This is the third of a series of articles by an International News Service staff correspondent who obtained the first comprehensive inside story of California’s unique all-woman prison.
Tehachapi, Cal., May 2 — Forbidden to read newspapers, their only source of information being occasional letters and visits by friends, the 145 women inmates of California’s “City of Forgotten Women,” Tehachapi, have one question that is always asked early during a visit.
“Something new?” It was the first question asked me by Mrs. Anna de Ritas, 39-year-old convicted slayer of her sweetheart Mike Lotito. The dormitory in which she is housed is by far the “happiest” sounding building of the prison group. Anna de Ritas shot her lover to death.
Housed with her are Miss Thelma Alley, Hollywood actress, convicted of manslaughter in connection with an automobile accident; Mrs. Eleanor Hansen, who murdered the husband whom she charged failed to properly feed her and their daughter; Emma Le Doux, who has spent more than 20 years in state prisons for murder in Stockton.
Another interesting inmate of Tehachapi, and another really happy one, is Mrs. Trinity Nandi who has spent more than 17 years behind prison walls for murder. She is to be released in May, and she is full of plans for the future.
Since her removal from San Quentin to the Tehachapi institution, Mrs. Nandi has been working in the rabbitry and has qualified as an expert. It is her hope to start a rabbit farm when she is released. The women in Tehachapi are learning how to make themselves useful when they leave it.
When Burmah first entered Tehachapi, she was full of ambition and conducted classes in commercial courses, Miss Josephine Jackson, deputy warden, says Burmah did a fine job of it. She taught oral English, typing, and dramatics to fellow inmates.
She fell ill for almost two months and during that illness her ambition and vivacity seemed to disappear.
“I’ve gone into it very thoroughly,” Burmah said softly, and sadly, after announcing that her interviewer was the first visitor she has had since last November. Her father, who was loyal to her throughout her arrest and trial, is dead now.
“The prison board can’t do a thing. The judge who sentenced me fixed that up and I just can’t see any sense in working hard every day when there’s nothing to work for. I can’t see any sense in hoping for the future, when there’ nothing to hope for. I can’t see any sense in training for work to do when I get out of here, because I’ll be an old lady then–maybe not old physically, but I know from what it’s already done to me that I’ll be hundreds of years old mentally.”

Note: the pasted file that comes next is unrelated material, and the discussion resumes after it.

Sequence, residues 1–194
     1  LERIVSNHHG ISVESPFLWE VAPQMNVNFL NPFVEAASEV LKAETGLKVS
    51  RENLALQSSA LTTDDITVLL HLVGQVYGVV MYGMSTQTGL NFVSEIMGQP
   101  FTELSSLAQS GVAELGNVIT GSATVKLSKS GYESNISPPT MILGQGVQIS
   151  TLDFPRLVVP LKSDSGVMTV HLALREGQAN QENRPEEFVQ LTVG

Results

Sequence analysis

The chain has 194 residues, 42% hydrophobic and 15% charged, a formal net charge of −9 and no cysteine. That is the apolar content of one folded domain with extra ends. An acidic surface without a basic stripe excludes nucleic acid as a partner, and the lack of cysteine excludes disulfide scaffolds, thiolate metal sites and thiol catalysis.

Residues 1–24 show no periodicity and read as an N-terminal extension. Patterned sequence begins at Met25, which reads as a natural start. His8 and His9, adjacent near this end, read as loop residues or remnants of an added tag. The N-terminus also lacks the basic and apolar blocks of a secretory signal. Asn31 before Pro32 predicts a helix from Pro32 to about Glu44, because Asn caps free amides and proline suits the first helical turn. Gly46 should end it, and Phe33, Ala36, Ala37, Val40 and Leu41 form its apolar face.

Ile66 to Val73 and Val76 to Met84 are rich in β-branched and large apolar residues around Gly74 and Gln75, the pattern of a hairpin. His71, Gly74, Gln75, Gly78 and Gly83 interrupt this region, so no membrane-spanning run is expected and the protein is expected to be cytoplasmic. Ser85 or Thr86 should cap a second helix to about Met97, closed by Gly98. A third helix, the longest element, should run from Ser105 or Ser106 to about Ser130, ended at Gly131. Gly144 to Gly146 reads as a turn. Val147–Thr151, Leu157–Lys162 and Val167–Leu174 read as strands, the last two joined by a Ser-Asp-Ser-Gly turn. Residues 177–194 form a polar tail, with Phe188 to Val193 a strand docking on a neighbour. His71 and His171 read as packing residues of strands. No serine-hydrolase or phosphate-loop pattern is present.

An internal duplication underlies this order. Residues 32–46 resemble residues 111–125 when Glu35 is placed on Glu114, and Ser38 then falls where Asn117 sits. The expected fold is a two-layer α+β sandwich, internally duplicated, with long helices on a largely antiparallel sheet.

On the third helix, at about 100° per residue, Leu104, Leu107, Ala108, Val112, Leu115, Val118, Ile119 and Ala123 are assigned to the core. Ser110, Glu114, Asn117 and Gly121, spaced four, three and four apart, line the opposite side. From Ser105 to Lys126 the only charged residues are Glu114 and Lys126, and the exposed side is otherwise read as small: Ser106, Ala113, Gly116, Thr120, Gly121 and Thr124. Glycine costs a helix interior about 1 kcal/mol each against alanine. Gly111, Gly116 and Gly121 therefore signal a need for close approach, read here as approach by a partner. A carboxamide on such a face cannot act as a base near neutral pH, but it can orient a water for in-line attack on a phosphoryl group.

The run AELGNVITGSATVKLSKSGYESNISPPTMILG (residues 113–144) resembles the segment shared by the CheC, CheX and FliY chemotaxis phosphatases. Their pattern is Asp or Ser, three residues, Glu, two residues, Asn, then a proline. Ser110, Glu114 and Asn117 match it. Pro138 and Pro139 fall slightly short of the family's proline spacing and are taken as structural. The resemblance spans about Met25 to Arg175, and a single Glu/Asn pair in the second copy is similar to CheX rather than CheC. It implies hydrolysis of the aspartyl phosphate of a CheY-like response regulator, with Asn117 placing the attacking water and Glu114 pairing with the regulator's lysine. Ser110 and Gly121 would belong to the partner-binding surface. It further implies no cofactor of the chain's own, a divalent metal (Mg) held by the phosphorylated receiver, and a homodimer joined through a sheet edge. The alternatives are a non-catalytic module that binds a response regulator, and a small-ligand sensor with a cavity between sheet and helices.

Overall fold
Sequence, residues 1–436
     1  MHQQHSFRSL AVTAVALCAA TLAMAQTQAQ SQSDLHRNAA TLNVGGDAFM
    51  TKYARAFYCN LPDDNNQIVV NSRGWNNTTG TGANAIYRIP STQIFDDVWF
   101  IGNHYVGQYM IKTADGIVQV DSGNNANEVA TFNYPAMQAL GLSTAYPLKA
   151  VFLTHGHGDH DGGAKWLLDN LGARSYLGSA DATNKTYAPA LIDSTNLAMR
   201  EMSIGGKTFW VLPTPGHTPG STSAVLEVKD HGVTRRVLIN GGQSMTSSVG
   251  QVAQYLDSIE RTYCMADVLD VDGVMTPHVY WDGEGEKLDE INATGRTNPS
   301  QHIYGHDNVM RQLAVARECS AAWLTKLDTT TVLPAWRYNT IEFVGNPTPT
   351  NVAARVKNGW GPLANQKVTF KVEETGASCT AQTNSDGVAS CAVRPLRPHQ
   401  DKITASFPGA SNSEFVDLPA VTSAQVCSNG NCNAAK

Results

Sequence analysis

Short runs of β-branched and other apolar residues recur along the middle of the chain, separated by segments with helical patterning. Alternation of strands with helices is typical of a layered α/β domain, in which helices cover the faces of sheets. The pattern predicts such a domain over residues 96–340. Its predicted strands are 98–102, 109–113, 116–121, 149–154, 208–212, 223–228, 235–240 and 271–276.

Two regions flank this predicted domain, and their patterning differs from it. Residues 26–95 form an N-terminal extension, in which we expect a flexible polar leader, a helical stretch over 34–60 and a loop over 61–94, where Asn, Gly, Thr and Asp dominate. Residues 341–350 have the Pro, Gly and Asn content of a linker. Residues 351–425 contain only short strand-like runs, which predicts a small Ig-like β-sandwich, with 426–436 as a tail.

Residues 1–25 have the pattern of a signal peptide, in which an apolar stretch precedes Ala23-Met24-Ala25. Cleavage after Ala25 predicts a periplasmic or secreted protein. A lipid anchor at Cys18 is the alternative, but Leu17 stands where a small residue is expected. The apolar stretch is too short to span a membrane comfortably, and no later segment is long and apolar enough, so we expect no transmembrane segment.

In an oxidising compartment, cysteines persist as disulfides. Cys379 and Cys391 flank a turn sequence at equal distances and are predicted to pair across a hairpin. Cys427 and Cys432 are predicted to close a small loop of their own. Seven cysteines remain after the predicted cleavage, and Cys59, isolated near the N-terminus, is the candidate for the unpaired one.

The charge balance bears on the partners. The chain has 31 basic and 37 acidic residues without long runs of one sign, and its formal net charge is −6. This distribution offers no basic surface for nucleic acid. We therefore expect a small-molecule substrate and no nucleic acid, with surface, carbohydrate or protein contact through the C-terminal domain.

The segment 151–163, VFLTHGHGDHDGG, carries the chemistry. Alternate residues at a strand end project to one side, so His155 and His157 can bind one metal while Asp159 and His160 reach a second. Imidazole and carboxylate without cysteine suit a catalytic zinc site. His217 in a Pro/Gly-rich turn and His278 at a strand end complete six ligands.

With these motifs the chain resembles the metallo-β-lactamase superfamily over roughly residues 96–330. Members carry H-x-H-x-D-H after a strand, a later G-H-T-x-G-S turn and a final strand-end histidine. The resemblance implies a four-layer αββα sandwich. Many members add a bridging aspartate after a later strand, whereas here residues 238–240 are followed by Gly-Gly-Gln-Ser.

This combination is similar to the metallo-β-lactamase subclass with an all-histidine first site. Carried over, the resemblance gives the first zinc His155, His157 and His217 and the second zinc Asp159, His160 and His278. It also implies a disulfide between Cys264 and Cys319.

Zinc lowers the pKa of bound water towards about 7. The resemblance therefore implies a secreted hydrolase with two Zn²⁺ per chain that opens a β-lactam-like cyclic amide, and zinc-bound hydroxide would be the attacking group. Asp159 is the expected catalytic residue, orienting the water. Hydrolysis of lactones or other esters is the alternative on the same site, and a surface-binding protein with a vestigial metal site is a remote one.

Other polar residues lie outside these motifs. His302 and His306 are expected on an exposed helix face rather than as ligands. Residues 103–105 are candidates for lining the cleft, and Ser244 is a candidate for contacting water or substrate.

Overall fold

The girl the nation read out as the “jazz baby,” Burmah White, the blonde bandit moll, wife of one of Los Angeles’ most notorious slain criminals, Thomas White, has vanished. The “tough,” cynical 19-year-old girl who entered the prison 16 months ago has been transformed into a quiet mannered, sad-eyed girl, her face framed in soft dark brown hair which she had let grow back to its natural color.
“You know,” she said, with a slightly cynical smile, “they tell me there’s civilization beyond them thar hills!”
“I was an example to the youth of this country when I was sentenced for the wrongs I had done. That was the sole purpose in giving me that stiff sentence–to set an example. I wonder if it has deterred any girls in Los Angeles from a life of crime–I doubt if it even made an impression on any of them,” she said bitterly.
I found she had been making a new blouse out of a bit of silk that she had managed to obtain. A particularly becoming blouse–peach colored, with a white lacing down the front.
“Oh, can you wear those things up here?” I asked her, and then she grinned her old grin and said, “Well, we can wear dark skirts and blouses on Sunday–only the blouses have to be white–but making it helped pass the time of day.”
NOTE: This is the final installment of Aggie’s interviews with inmates in the Women’s Prison in Tehachapi. . When the series appeared, Aggie had been working for William Randolph Hearst for less than a year. The series was syndicated which gave her national exposure, and helped her earn a reputation as a reporter to be reckoned with.